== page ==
Stephenson P.J.,WWF International |
Stephenson P.J.,IUCN SSC Species Monitoring Specialist Group |
Bowles-Newark N.,United Nations Environment Programme World Conservation Monitoring Center |
Regan E.,United Nations Environment Programme World Conservation Monitoring Center |
And 26 more authors.
Biological Conservation | Year: 2016
African countries need to conserve biodiversity and use natural resources rationally if they are to avoid continued environmental degradation that jeopardizes sustainable development and human wellbeing. However, many government agencies cannot access or use the biodiversity data they need to make informed decisions for environmental and economic management. More than forty stakeholders representing governments, civil society organizations (CSOs) and UN agencies, including delegates from 20 African states, identified decisions that require biodiversity information and explored blockages and potential solutions to data access and use. The participants concluded that the key enabling environment includes data availability, data quality and usability, willingness to collect and use data, and financial and technical capacity. We recommend that African government departments across sectors work with academic bodies and CSOs to: i) enhance internal resources for monitoring and develop partnerships with donors; ii) build capacity for data collection, using tools, guidelines and communities surrounding CBD planning and biodiversity monitoring; iii) improve national and international co-ordination and cross-sectoral collaboration for biodiversity data management; iv) produce and use more data-derived products that encourage data use, especially assessments that demonstrate the importance of biodiversity to economies and wellbeing and dashboards that facilitate interpretation and analysis. Governments, CSOs and academic bodies should test different science-policy interfaces in a handful of pilot countries or regions, building on existing models to demonstrate how data providers and users can work together to break down barriers to data access and sharing and mainstream biodiversity information into decision-making. © 2016 Elsevier Ltd.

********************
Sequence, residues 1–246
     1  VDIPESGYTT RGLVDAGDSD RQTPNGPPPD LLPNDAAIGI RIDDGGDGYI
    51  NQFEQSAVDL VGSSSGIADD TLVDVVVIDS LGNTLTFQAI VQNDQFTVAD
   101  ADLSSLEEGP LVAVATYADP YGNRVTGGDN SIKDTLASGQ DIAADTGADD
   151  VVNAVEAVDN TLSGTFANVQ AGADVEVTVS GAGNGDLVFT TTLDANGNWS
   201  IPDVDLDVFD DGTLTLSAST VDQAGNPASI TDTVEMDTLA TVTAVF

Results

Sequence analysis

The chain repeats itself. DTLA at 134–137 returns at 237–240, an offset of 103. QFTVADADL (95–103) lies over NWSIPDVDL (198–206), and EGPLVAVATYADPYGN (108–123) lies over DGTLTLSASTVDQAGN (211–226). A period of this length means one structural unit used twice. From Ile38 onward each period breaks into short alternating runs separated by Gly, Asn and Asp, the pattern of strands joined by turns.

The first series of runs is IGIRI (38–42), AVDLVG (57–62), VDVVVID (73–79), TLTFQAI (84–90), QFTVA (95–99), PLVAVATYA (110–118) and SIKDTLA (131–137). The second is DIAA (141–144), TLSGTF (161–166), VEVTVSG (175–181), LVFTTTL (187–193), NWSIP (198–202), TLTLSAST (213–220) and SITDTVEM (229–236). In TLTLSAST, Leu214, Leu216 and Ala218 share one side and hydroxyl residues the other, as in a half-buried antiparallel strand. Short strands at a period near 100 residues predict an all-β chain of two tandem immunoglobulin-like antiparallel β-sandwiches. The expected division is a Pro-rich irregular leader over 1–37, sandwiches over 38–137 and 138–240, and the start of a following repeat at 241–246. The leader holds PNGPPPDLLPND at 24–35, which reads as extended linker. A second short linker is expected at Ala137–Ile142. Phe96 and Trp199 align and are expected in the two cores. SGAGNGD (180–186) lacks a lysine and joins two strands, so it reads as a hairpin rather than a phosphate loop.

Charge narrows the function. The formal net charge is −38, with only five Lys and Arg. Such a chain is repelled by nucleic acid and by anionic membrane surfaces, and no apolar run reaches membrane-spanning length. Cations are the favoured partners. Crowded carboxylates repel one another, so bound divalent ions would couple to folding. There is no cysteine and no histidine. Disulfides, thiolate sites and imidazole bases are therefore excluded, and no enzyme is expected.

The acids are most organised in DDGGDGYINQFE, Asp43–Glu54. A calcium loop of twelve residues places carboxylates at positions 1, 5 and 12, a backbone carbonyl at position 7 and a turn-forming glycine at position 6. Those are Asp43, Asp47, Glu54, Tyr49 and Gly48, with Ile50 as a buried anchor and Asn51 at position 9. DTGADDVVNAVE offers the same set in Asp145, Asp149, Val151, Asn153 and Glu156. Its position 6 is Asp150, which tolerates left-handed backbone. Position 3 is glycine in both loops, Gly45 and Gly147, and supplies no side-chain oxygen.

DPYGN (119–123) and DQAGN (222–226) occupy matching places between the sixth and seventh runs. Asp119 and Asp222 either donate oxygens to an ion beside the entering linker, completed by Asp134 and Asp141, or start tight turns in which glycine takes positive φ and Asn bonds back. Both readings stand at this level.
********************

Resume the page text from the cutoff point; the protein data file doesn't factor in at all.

Klopcic M.,University of Ljubljana |
Verhees F.J.H.M.,Wageningen University |
Kuipers A.,Wageningen University |
Kos-Skubic M.,Ministry of Agriculture and Environment
EAAP Scientific Series | Year: 2012